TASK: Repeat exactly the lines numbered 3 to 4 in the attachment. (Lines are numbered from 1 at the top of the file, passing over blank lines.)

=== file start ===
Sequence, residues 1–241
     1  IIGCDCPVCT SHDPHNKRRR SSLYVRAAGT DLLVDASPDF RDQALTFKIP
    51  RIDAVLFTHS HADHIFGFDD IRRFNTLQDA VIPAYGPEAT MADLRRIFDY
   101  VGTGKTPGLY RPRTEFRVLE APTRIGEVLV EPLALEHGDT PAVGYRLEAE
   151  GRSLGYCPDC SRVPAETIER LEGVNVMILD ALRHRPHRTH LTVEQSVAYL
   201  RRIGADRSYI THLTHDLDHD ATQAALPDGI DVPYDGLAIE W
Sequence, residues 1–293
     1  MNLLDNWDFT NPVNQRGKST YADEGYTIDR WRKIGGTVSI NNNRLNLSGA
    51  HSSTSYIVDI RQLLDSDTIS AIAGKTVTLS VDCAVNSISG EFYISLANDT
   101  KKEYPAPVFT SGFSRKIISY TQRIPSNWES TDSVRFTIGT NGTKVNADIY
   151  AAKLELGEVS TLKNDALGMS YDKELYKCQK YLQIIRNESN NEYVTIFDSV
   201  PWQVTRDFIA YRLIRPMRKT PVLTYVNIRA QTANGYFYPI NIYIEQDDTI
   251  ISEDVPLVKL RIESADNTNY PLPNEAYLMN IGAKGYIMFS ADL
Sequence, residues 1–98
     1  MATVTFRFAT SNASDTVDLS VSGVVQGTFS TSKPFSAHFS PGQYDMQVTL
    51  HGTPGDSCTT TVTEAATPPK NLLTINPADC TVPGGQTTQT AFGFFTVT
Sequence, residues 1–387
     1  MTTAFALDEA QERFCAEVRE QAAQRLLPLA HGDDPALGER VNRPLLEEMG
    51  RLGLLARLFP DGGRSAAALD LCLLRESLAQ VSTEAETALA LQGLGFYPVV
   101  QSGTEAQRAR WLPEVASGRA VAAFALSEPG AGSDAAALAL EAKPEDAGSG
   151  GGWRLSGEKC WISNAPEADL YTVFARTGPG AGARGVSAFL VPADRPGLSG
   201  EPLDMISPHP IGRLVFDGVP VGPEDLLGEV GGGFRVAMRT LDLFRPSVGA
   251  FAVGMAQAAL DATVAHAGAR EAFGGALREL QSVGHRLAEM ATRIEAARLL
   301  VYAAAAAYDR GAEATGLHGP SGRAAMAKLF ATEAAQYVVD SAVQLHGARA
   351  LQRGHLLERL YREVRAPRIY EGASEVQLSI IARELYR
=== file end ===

    51  RIDAVLFTHS HADHIFGFDD IRRFNTLQDA VIPAYGPEAT MADLRRIFDY
   101  VGTGKTPGLY RPRTEFRVLE APTRIGEVLV EPLALEHGDT PAVGYRLEAE